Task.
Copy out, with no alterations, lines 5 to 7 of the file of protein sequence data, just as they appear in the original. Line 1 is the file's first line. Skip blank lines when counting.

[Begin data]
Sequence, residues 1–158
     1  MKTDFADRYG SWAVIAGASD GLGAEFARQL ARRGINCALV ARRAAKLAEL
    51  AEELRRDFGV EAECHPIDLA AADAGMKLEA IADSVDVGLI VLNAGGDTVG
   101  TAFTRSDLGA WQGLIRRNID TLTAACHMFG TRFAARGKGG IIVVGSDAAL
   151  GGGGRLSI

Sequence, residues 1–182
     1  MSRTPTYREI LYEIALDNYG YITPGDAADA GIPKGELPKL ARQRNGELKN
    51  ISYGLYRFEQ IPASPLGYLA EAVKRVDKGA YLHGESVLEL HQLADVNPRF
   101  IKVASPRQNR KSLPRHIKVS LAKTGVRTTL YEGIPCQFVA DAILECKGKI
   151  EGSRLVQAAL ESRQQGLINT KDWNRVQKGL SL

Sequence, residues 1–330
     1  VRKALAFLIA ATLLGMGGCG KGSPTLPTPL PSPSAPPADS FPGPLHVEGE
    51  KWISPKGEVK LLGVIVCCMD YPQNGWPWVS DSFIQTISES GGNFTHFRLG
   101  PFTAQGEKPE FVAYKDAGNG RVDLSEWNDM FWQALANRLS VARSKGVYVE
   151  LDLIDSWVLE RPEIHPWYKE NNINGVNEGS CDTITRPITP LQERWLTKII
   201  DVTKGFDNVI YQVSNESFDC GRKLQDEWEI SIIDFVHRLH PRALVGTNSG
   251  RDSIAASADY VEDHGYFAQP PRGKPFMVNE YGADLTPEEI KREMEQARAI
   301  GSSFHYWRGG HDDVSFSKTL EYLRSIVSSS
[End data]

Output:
   151  GGGGRLSI

Sequence, residues 1–182
     1  MSRTPTYREI LYEIALDNYG YITPGDAADA GIPKGELPKL ARQRNGELKN